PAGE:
The institution also promotes Italy’s artistic culture through other exhibition initiatives. This type of activity began in the 1950s and has continued up to today. Overall it has held around one hundred exhibitions, both in Italy and abroad, often in partnership with other institutions.
The exhibitions held to date have been very diverse and varied. Some have been devoted to an examination of contemporary Italian art through expressive techniques (painting, sculpture, drawing). A significant core group has consisted of historic exhibitions intended to study the actions of individual figures who played a key role in the development of 20th-century Italian art.
The exhibitions held abroad, which have mostly been touring exhibitions, are the result of a partnership with the Farnesina, which has led to the organization of over sixty exhibitions in Europe, the United, States, Japan, Australia, Central and South America, in some African states and in the Arab countries. A significant aspect of the partnership with the Ministry of Foreign Affairs is the Italian participation in international biennials. Since the beginning of the 1950s, the Ministry has entrusted the Quadriennale with selecting the Italian artists to take part in various biennials around the world, including the second International Modern Art Exhibition in Tokyo (1953), six editions of the Biennial of Young Artists in Paris in the 1950s and 1960s, and three editions of the São Paulo Biennial (1975–1979).The earliest exhibitions included, in 1952, the touring exhibition of award-winning artists from the 6th Quadriennale, which started out at the Galerie des Beaux Arts in Bordeaux and visited a further ten exhibition sites, the ‘Mostra d’Arte Italiana Contemporanea’ (Kamakura, Museum of Modern Art, 1955) and ‘Arte Italiana dal 1910 ad Oggi’ (Munich, Haus der Kunst, 1957). Other exhibitions, over following years, included ‘Contemporary Italian Art’, a touring exhibition held in Australia in 1963 to coincide with the Melbourne International Exhibition, ‘New Italian Art 1953/1971’ (Liverpool, Walker Art Gallery, 1971) and ‘Italy Two. Art Around ‘70’ (Philadelphia, Civic Center, 1973).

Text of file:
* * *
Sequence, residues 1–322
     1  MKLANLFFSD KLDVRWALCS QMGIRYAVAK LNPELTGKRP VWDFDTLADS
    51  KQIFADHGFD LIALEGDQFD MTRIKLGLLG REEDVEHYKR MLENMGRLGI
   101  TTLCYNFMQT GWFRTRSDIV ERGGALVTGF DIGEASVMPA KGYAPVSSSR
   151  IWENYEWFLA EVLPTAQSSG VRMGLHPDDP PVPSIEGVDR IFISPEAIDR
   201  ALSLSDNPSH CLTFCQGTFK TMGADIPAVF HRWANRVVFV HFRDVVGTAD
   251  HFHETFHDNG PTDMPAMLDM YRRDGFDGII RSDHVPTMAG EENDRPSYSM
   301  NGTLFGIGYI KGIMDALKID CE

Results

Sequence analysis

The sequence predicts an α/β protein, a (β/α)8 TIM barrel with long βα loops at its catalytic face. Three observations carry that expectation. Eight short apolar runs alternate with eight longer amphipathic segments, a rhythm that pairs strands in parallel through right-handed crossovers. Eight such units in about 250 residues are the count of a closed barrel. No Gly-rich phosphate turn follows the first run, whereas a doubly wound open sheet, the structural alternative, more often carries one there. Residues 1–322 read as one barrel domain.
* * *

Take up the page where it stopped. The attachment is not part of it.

Some of the most important historic exhibitions have included those devoted to Divisionism and Italian Art Nouveau (both at the Palazzo della Permanente in Milan, in 1970 and 1972 respectively), the touring didactic exhibitions on Futurism (1976–1978) and on Metaphysics (1982) and the more recent ‘Roma Anni ’60. Al di là della pittura’ (Rome, Palazzo delle Esposizioni, 1990). Among the retrospectives, we should recall the ones devoted to Lorenzo Viani (Paris, Galerie du Centre d’Art Italien, 1952), Gino Severini (Rome, Palazzo Venezia, 1961), and Duilio Cambellotti (Rome, Galleria Comunale d’arte moderna e contemporanea, 1999).
In more recent times, during the two-year period from 2010–2011, the institution promoted ‘Artista CHIAMA Artista’ at Villa Carpegna, an exhibition cycle devoted to young artists. The initiative saw the involvement of established artists in the role of tutors, with the task of inviting artists aged between 20 and 30 years old to create a site-specific work in the Sala delle Colonne at Villa Carpegna.
An analytical description of each exhibition is available on the web pages of our Library Archive. The search function provides access to information on the curators, participating artists and the catalogue. A simple click also provides information on which other Quadriennale exhibitions the artist has participated in and how the artist is documented within the institutional archives.